The remains of the fuselage structure were lying on top of the right wing. The fuselage aft of the baggage compartment was predominately intact and the tail surfaces remained attached. All of the tail control surfaces remained attached at all hinge locations. The forward fuselage was consumed by fire.
The rudder control system was intact except for one cut in the right side cable that was made by first responders for occupant extrication and a broken horn on the rudder bar near the cockpit rudder pedals.
The elevator control system was intact except for a portion of the aluminum pushrod in the cabin section that was missing and presumed to be consumed by fire. About 4 inches of the pushrod at the control yoke assembly remained attached and had fire damage to the free end. The pushrod from the aft fuselage to about the aft end of the baggage compartment was intact with evidence of bending and fire damage. The portion of the elevator pushrod between these locations was not found.
The right aileron pushrod was broken at the rod end fitting at the aileron and at the forward end by the bellcrank at the leading edge of the wing. The bellcrank was intact with impact damage and the cables remained attached. One cable was intact from the bellcrank to its fitting by the yoke assembly except for a separation that exhibited evidence of overload failure. The aileron balance cable was intact from the bellcrank through the fuselage where it had been cut by first responders. It remained attached by swage fittings to the rudder interconnect cable.
The left aileron cable was separated at the turnbuckle by the yoke assembly and its other end was cut by first responders. Beyond the cut evidence of overload failure was found. The balance cable also had evidence of overload failure. From these breaks, both the aileron and balance cables continued to the left aileron bellcrank assembly where they remained attached. The left aileron pushrod was broken into three pieces. One break was in the aluminum tubing and the second break was in the end fitting at the aileron.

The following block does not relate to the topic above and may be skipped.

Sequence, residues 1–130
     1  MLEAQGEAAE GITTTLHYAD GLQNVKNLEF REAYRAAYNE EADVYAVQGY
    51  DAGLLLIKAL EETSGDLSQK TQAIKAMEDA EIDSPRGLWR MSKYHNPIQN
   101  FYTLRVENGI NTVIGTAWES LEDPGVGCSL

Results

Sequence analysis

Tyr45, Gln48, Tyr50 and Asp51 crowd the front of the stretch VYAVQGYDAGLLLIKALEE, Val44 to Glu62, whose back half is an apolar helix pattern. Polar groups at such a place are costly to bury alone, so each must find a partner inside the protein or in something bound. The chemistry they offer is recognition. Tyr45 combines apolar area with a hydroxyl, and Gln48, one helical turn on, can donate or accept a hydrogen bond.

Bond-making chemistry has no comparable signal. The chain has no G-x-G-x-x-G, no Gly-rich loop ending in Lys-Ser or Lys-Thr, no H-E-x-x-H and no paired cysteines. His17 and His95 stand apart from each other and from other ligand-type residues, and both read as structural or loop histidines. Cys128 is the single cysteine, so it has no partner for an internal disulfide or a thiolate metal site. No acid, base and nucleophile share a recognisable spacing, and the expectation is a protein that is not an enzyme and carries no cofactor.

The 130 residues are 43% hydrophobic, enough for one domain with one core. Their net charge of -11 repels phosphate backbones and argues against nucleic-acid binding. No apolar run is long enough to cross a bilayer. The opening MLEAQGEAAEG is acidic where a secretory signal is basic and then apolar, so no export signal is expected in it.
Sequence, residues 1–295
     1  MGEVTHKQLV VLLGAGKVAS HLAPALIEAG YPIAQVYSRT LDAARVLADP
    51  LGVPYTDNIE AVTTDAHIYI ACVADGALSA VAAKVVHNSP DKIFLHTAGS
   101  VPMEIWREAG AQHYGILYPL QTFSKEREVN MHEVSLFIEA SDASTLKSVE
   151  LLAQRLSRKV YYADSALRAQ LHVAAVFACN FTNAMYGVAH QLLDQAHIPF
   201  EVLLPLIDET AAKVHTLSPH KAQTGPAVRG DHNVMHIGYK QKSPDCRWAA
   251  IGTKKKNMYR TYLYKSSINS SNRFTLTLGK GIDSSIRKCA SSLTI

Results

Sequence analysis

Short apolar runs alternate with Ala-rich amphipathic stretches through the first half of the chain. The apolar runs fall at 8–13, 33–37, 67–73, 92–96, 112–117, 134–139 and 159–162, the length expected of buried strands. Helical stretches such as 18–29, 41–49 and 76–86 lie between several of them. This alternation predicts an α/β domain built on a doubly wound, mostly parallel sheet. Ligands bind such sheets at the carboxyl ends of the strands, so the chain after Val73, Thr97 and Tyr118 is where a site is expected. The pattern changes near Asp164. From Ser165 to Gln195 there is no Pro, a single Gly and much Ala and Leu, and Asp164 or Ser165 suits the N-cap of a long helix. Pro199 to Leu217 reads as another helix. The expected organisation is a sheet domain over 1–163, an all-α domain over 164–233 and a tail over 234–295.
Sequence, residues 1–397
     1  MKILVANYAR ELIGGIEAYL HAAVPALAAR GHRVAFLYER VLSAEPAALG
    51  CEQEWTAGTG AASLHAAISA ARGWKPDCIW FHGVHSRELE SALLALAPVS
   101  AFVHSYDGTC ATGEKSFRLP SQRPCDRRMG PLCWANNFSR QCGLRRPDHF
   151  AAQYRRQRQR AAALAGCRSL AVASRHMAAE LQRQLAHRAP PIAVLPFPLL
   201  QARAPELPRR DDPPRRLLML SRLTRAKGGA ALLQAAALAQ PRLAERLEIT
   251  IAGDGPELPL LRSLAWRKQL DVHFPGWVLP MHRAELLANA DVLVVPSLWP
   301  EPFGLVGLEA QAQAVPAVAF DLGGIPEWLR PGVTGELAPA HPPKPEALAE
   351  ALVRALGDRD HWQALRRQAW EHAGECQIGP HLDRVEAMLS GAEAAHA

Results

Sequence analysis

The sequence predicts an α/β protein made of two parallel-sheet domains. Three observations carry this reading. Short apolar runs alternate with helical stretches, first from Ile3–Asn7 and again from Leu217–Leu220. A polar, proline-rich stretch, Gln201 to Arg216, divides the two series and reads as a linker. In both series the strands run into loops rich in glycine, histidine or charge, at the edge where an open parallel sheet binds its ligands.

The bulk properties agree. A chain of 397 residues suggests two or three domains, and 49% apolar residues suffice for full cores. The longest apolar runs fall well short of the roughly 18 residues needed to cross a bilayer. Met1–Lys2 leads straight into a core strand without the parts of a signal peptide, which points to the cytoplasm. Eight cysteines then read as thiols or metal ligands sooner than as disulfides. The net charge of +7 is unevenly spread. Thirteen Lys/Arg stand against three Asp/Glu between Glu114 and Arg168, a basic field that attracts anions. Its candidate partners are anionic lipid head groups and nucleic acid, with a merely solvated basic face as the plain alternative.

No anomalies were detected with respect to the airframe or the flight control system.
The left propeller remained attached to the engine as did most of the engine accessories. The propeller was in the feather position. The engine was rotated, and crankshaft and valve train continuity was confirmed. The engine produced compression when rotated. One magneto produced spark when rotated. The other magneto did not produce spark but had evidence of impact damage. The carburetor was fire damaged and was broken loose from its mounting flange. No anomalies were detected with respect to the left engine that could be attributed to a pre-impact condition.
The right propeller remained attached to the engine. Most of the engine accessories were consumed by fire. The magnetos were fire damaged and consisted of the forward gearcase section of each magneto. The aft end of both magnetos was consumed by fire. The engine was rotated and compression was evident on 3 cylinders. The 4th cylinder had sustained impact and fire damage. No anomalies were detected with respect to the right engine that could be attributed to a pre-impact condition.
The fuel system within the cabin section was consumed by the post-impact fire.
MEDICAL AND PATHOLOGICAL INFORMATION
An autopsy of the pilot was conducted by the Mayo Clinic, Rochester, Minnesota. The cause of death was attributed to multiple blunt-force injuries and evidence of fire/smoke inhalation.
The Federal Aviation Administration Civil Aerospace Medical Institute (CAMI) toxicology report for the pilot was negative for all tests performed.